Send to

Choose Destination
Int J Obstet Anesth. 2008 Apr;17(2):123-9. doi: 10.1016/j.ijoa.2007.07.006. Epub 2008 Mar 4.

The incidence of maternal fever during labor is less with intermittent than with continuous epidural analgesia: a randomized controlled trial.

Author information

Magee-Womens Hospital, University of Pittsburgh School of Medicine, Pittsburgh, PA 15213, USA.



This prospective, randomized study was performed to see if intermittent labor epidural analgesia was protective against maternal intrapartum fever, compared to continuous epidural infusion.


Ninety-two healthy, term, nulliparous women in spontaneous labor were assigned to either intermittent (ILEA) or continuous labor epidural analgesia (CLEA), 46 in each group. In both groups, epidural analgesia was established with fentanyl 100 microg, and 8 mL of either 0.125% bupivacaine with fentanyl 0.0002%, or 0.1% ropivacaine with fentanyl 0.0002%. Maintenance in the CLEA group was with the same bupivacaine/fentanyl or ropivacaine/fentanyl solutions at 10-15 mL/h. In the ILEA group, additional boluses of the same solution were given as needed. Maternal tympanic temperature was measured before epidural insertion, 4-hourly during labor and 4 h post partum. Fever was defined as a temperature of > or =38 degrees C. Newborn temperature was noted within 60 min of birth.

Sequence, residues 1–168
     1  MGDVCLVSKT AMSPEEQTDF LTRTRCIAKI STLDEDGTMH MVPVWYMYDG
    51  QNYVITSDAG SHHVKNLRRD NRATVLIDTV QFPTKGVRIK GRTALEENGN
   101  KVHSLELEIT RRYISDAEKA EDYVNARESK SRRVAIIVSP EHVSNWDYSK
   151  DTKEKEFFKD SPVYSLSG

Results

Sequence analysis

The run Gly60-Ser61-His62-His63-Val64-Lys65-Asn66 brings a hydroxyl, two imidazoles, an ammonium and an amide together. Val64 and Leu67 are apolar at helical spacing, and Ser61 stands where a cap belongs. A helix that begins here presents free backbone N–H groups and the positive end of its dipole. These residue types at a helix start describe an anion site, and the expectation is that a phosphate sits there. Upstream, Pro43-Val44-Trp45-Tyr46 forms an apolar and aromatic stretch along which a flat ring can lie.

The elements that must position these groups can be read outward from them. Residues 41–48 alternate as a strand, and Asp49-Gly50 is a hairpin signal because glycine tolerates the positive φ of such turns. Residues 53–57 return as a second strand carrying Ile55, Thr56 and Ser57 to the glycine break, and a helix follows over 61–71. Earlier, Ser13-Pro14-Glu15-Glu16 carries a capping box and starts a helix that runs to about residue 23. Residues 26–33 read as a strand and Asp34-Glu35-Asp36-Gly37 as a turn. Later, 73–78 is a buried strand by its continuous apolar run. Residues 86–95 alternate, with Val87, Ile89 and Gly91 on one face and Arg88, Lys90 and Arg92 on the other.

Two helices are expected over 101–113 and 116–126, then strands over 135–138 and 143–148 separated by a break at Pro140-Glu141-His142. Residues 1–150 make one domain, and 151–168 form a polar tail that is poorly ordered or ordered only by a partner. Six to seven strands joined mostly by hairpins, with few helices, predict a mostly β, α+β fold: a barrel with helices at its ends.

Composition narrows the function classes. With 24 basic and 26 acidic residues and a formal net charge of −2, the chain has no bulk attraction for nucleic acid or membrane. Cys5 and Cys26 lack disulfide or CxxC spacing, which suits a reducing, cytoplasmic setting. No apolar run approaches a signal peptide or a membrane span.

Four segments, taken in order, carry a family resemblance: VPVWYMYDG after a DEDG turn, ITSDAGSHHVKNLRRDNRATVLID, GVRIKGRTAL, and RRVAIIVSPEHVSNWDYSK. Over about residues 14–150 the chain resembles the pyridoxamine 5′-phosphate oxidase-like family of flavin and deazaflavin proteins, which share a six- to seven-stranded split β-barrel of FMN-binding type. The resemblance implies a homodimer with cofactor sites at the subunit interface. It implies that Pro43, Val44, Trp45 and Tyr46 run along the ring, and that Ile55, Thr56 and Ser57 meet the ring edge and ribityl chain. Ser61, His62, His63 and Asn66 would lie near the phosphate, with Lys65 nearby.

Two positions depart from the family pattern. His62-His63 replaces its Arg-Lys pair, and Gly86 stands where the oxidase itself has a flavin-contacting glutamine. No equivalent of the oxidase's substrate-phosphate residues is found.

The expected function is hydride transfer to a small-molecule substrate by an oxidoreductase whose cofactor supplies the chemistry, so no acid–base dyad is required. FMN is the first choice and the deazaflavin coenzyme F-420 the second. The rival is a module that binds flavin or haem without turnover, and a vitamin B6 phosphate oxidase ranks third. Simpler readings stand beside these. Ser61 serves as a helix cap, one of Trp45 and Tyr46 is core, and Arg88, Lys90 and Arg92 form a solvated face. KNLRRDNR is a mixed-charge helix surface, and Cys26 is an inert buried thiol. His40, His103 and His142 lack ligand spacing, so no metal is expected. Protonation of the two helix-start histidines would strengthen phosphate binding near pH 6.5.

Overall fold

The incidence of fever in ILEA was significantly lower at four hours (2/42, vs. 10/44 in CLEA, P=0.036). No significant differences were detected at other time periods. Mean maternal temperatures did not differ between groups at any time. There were no differences in neonatal temperature or neonatal sepsis evaluation rate (CLEA vs. ILEA 0/46 vs. 2/43, P=0.45).


Intermittent epidural injections appear to protect against intrapartum fever in the first 4 hours of labor analgesia, compared to continuous infusion. This may be due to intermittent partial recovery of heat loss mechanisms between injections. Neonatal sepsis evaluation rates were similar in the two groups.

[Indexed for MEDLINE]

Supplemental Content

Full text links

Icon for Elsevier Science
Loading ...
Support Center